Follow Mike North's Web Radio Co. Bouncing Checks - NBC Chicago

Follow Mike North's Web Radio Co. Bouncing Checks

Chicago Sports Webio struggling in more ways than one



    Follow Mike North's Web Radio Co. Bouncing Checks
    Getty Images
    Mike North, oozing business savvy.

    Mike North's odyssey from sports talk radio station 670 The Score has been, if nothing else, an interesting one. North's contract wasn't renewed at The Score, partially because of a dispute over a potential pay cut and the Score's apparent desire to move North out of the morning show, where he was the star attraction. Rather than settle their differences, the two sides walked, leaving North momentarily without a paying gig.

    Most fired radio personalities, if they're popular, usually end up with a competitor. North did something entirely different. He sold a morning talk program -- basically a radio show, but in front of a TV -- to Comcast Sports Net. Then, with that show established, North branched out and helped build Chicago Sports Webio, a streaming online radio site with local personalities. Backed by investor David Hernandez, the site has been running ubiquitous ads on Comcast and other networks and hiring talent away from other radio stations and newspapers in town.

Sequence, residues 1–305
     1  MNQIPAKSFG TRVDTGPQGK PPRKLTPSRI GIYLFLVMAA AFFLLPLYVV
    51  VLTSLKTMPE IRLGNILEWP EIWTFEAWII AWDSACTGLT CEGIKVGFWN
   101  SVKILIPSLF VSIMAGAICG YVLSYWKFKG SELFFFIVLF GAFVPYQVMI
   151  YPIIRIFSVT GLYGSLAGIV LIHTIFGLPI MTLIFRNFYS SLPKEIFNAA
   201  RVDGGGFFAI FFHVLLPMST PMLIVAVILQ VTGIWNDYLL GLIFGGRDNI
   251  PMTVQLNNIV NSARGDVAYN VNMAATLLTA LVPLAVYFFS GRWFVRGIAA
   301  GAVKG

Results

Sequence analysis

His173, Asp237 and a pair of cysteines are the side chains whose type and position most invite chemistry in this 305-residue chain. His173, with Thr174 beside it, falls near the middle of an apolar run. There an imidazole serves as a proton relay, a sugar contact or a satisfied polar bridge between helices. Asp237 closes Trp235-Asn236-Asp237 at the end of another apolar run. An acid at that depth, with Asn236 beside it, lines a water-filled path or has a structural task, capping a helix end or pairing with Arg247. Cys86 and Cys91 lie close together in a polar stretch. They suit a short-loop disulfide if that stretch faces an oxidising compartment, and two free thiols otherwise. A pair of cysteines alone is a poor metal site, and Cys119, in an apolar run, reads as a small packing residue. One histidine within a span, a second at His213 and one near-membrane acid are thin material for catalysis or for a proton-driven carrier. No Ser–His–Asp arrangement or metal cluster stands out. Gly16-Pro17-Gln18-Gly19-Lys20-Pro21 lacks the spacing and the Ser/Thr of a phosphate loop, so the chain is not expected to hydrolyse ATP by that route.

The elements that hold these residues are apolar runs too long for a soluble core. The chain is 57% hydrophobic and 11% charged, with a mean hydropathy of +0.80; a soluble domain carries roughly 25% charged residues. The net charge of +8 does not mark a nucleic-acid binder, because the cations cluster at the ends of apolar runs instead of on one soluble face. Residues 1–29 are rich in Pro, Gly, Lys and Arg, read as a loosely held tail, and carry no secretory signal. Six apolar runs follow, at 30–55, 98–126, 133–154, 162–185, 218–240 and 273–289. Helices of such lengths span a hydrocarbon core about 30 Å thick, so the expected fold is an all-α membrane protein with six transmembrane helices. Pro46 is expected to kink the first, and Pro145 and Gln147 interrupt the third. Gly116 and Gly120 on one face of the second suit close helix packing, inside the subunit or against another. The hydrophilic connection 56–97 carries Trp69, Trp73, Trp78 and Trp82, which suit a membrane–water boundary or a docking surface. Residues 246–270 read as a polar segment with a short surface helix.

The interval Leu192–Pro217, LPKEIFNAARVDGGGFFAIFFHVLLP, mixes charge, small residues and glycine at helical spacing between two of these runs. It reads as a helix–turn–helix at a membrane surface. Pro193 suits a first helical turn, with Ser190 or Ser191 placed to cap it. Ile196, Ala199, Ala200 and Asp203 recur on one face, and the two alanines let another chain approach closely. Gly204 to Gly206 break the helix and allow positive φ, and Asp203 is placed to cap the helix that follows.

It's a good idea, a streaming sports talk network, and more voices are always a good thing, but here's the problem: money. It will take time before the listener base expands enough to pay for the station's bandwith costs and so on. But the experiment might not have a chance to play out: One of Hernandez's other companies was searched by the FBI last week, and Hernandez fired North and other executives from the company's leadership. In the meantime, anchor Chet Coppack says one of his payroll checks bounced, and the other one hasn't been delivered yet. Taken together, it all sounds pretty ominous.

    It would be a shame. For all of his goofiness, North and Hernandez had a good business idea here, running a low-overhead startup with established local talent. It could theoretically work. That it might implode so quickly is not just unfortunate for listeners, small as CSW's audience may still be. It's also an argument for the stability of old media, what little of it actually remains.

    Eamonn Brennan is a Chicago-based writer, editor and blogger. You can also read him at Yahoo! Sports, Mouthpiece Sports Blog, and Inside The Hall, or at his personal site, Follow him on Twitter.